Carbon Steel Coil, a type of steel that generally has only a small quantity of elements other than carbon, silicon, manganese, sulfur and phosphorus, so it has no significant alloying element.
Hot-rolled coil is produced from semi-finished products , which are reduced to certain thicknesses by rolling and annealing and wound into a roll. Hot rolled steel is used e.g. for the manufacture of pipes, steel doors and tanks or is further processed into cold-rolled steel.
Cold-rolled sheet in coil form is produced by removing rust from hot-rolled sheet by "pickling" it in a weak acid solution, then washing, brushing, drying, oiling and unrolling the sheet and finally performing cold-rolling by passing the sheet through a reducing mill under pressure and winding it into a roll. Cold rolled steel is a more highly finished product and has a smoother surface, greater dimensional accuracy (thickness, width, length) and greater strength. Much cold-rolled steel is processed in the automotive industry, but some is also used in the manufacture of household goods.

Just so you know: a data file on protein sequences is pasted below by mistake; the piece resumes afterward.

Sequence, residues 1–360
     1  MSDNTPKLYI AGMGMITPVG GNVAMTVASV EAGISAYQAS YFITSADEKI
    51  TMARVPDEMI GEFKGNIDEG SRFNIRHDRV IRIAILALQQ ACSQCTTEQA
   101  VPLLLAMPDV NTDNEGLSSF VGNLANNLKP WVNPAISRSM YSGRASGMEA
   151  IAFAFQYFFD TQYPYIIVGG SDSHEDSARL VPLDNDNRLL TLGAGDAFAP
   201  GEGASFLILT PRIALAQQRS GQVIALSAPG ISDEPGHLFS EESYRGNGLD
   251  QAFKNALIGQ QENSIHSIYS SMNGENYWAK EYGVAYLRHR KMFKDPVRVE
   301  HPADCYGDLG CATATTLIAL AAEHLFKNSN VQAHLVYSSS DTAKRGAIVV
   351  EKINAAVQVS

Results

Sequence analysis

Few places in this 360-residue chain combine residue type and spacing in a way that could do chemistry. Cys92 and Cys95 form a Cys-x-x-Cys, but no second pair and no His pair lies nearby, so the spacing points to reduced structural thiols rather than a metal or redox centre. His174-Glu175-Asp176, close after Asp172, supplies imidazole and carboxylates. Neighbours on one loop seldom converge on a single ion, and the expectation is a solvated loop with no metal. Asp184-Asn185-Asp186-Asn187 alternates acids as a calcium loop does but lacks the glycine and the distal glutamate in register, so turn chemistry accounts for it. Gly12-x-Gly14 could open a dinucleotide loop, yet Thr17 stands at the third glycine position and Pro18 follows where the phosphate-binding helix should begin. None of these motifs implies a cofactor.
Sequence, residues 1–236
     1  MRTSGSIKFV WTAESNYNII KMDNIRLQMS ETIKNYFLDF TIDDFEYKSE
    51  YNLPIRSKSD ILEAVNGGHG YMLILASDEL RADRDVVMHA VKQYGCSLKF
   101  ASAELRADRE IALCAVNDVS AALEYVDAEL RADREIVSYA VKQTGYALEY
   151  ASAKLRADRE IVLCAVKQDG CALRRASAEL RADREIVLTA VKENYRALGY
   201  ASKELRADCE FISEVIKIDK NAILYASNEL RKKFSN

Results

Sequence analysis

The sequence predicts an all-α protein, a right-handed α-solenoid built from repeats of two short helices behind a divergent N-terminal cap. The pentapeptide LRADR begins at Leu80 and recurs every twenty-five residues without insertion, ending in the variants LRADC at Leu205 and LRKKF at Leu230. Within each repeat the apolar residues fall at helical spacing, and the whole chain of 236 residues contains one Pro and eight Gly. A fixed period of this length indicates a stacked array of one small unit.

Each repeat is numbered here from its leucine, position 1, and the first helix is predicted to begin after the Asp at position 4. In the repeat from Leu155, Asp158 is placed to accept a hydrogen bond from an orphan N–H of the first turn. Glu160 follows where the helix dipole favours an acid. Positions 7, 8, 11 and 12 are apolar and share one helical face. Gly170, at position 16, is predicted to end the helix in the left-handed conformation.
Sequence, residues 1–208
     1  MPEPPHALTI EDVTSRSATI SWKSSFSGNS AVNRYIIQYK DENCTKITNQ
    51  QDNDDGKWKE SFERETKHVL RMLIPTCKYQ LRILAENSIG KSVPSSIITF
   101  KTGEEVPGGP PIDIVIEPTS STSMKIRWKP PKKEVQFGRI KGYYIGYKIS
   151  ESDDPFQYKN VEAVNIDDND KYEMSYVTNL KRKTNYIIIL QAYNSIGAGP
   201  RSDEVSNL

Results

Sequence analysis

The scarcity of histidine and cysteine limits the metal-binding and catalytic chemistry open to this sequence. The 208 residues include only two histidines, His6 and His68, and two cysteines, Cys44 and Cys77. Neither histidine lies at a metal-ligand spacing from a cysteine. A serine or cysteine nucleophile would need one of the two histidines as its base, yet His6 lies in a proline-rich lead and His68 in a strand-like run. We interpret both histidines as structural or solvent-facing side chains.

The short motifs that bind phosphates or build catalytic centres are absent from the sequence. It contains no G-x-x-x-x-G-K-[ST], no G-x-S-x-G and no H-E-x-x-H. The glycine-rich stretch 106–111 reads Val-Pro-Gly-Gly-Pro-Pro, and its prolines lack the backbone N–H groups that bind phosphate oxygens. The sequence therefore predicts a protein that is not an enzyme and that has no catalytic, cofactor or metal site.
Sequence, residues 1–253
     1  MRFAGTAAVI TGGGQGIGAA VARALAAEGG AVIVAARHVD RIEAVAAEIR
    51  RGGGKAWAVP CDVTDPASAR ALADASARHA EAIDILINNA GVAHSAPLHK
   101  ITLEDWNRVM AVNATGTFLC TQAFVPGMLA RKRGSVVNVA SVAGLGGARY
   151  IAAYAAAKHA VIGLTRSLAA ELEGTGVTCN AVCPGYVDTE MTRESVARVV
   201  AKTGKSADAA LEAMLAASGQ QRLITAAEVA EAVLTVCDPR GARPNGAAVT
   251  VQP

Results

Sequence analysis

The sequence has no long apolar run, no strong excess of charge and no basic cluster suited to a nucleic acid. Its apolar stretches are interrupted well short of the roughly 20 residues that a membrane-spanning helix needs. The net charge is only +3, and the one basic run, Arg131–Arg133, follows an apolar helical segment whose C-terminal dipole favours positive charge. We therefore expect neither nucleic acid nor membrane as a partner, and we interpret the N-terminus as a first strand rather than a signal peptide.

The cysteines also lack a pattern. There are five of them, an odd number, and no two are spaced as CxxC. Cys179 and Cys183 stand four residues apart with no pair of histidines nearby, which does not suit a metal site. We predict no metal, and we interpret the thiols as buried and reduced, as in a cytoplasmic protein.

Stainless steels are distinguished from carbon steel by their chromium content and, in certain cases - nickel. Adding chromium to carbon steel makes it more rust and stain-resistant, and when nickel is added to chromium stainless steel it enhances its mechanical properties, for example its density, heat capacity and strength. Stainless steel sheet is used, for example, in the manufacture of machinery, tools and containers.